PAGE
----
One possible solution to both the lack of time and money, she said, is to set high standards but give providers a window of time — say, two to five years — to meet them. The state’s preschool recommendations, finalized in January, nod to this kind of phased approach.
“You can have a vision of where you want to be and come up with strategies and implementation plans that give people time to get there,” Mathias said.
The two Teaching Tree early learning centers that Anne Lance runs in northern Colorado are highly rated – Level 4 – under the Colorado Shines system. But it takes its staff many hours and a lot of paperwork to prepare for the assessments.
“I don’t necessarily think it’s about reinventing the wheel,” she said. “Certainly simplifying it would help.”
Another problem, she said, is the cycle of evaluations every three years. A bad day when the evaluator visits means that a single snapshot can last a long time.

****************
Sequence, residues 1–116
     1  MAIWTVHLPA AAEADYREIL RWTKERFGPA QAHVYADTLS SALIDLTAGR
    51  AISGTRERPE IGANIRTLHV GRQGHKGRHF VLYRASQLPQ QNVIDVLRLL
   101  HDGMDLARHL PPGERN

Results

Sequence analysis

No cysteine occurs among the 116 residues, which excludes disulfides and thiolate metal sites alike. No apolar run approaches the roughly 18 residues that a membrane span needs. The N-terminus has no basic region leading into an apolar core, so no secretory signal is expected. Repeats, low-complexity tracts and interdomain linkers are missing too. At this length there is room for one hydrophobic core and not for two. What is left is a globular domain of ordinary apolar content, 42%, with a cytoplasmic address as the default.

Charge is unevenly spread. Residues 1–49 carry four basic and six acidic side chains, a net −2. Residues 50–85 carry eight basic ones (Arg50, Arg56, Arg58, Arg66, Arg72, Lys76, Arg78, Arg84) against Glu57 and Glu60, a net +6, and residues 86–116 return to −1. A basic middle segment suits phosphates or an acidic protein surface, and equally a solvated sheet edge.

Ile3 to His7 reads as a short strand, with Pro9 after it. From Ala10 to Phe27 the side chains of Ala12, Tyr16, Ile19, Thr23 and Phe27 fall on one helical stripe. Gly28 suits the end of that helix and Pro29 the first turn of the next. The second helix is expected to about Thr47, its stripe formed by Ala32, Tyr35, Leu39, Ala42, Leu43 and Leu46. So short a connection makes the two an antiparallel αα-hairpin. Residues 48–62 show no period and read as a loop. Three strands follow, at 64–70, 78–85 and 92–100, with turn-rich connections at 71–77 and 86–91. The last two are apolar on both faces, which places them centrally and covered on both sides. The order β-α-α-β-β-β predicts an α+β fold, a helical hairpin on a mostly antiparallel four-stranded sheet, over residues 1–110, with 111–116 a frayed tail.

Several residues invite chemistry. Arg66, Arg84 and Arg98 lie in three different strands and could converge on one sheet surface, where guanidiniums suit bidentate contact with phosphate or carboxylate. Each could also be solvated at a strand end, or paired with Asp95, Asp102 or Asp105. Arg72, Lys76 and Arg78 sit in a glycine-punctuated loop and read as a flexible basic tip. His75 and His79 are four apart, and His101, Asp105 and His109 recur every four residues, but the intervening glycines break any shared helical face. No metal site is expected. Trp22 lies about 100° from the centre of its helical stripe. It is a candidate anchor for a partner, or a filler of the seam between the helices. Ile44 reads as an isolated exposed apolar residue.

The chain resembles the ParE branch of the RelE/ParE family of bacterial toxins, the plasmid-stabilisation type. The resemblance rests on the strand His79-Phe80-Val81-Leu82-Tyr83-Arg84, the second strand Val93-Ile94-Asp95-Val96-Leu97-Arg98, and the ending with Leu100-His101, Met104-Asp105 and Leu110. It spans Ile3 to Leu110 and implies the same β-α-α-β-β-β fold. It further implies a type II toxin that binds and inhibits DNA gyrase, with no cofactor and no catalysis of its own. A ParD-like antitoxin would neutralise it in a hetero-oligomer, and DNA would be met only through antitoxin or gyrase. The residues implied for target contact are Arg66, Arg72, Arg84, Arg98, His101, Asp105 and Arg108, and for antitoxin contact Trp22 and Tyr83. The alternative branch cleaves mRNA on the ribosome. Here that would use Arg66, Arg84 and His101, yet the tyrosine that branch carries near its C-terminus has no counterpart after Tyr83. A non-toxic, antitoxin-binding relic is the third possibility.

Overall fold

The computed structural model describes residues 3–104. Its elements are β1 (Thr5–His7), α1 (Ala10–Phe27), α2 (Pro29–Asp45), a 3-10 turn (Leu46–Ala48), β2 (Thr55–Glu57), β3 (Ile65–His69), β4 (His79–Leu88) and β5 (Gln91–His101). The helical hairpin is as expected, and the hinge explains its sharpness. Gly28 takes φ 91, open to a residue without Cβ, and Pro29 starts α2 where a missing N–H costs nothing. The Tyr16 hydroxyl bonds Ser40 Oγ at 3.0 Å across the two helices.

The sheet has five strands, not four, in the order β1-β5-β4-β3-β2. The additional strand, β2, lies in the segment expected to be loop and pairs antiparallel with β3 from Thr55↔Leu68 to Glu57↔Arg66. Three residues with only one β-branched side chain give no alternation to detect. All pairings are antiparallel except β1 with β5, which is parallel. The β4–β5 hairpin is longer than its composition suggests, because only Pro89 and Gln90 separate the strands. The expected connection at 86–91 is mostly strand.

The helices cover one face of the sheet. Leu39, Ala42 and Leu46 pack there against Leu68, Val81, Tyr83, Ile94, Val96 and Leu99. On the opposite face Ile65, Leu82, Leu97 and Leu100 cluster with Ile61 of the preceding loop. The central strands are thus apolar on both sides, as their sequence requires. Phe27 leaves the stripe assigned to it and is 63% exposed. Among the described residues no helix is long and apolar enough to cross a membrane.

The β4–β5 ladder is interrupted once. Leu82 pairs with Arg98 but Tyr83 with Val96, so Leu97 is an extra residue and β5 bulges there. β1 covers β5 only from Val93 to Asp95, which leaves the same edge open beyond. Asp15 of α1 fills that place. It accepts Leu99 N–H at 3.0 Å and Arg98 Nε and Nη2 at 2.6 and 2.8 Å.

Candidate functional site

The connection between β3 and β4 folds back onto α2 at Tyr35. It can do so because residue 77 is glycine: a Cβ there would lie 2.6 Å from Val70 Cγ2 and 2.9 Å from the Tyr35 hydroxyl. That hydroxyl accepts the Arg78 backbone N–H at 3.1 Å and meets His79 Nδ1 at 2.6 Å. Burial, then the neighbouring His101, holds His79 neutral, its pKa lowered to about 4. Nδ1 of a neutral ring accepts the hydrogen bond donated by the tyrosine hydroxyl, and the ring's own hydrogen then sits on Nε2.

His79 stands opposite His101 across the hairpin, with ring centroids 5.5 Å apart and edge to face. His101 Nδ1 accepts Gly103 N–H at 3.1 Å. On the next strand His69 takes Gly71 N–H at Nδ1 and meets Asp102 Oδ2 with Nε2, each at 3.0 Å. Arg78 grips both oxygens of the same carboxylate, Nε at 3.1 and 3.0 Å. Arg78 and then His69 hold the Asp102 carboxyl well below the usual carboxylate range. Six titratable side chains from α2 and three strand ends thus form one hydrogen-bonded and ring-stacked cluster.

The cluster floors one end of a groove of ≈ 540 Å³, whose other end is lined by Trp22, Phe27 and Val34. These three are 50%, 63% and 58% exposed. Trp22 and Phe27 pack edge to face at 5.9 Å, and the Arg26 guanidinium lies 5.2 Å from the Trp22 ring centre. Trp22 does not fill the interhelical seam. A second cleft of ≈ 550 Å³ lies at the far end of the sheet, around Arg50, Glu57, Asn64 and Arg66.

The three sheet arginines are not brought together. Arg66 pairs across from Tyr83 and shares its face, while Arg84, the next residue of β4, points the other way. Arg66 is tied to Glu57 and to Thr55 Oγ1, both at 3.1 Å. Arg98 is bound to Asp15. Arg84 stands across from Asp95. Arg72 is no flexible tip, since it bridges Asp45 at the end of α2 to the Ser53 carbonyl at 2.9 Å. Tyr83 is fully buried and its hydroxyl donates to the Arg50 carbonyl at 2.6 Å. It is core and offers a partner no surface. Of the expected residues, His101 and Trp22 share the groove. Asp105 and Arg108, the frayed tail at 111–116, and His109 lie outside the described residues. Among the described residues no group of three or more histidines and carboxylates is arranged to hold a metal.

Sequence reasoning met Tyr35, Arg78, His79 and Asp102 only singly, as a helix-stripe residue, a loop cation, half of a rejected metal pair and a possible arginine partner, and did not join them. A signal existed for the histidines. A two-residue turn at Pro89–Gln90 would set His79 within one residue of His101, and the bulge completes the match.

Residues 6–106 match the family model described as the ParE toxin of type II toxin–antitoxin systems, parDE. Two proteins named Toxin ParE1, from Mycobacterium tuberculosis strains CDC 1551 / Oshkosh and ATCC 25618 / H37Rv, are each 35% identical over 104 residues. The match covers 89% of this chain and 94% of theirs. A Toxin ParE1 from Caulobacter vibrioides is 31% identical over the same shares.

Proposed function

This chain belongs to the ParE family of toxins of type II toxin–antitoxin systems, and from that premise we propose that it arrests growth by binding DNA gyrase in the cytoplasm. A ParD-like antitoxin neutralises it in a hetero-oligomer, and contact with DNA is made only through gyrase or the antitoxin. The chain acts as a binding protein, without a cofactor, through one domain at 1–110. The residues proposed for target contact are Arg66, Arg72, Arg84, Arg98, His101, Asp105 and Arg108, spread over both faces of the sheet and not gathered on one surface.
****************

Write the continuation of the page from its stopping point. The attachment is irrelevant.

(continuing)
To complicate matters further, Colorado’s universal preschool program will be offered at schools, community sites, and state-licensed homes. It’s a mix of choices that proponents applaud, but applying a consistent set of quality standards to such a wide range of settings can be difficult.
A 2019 study published by the U.S. Department of Education looking at the quality rating systems of nine states — but not Colorado Shines — found that the systems captured differences in program quality, but that these differences did not translate into differences in child outcomes. In other words, children in the highest-rated programs did not consistently outperform those in the lowest-rated programs.
The authors cite a variety of reasons for this, including that the assessment criteria do not map specifically enough to the factors that influence children’s outcomes. For example, many quality rating systems, including Colorado’s, assess vendor business practices, which have little to do with what children learn.
Mathias said the findings speak to the widespread underfunding of quality assessment systems, which aim to both assess the quality of early childhood and provide money and resources to help providers s ‘to improve.
“We haven’t given enough money to providers and we haven’t given enough money to the system,” she said.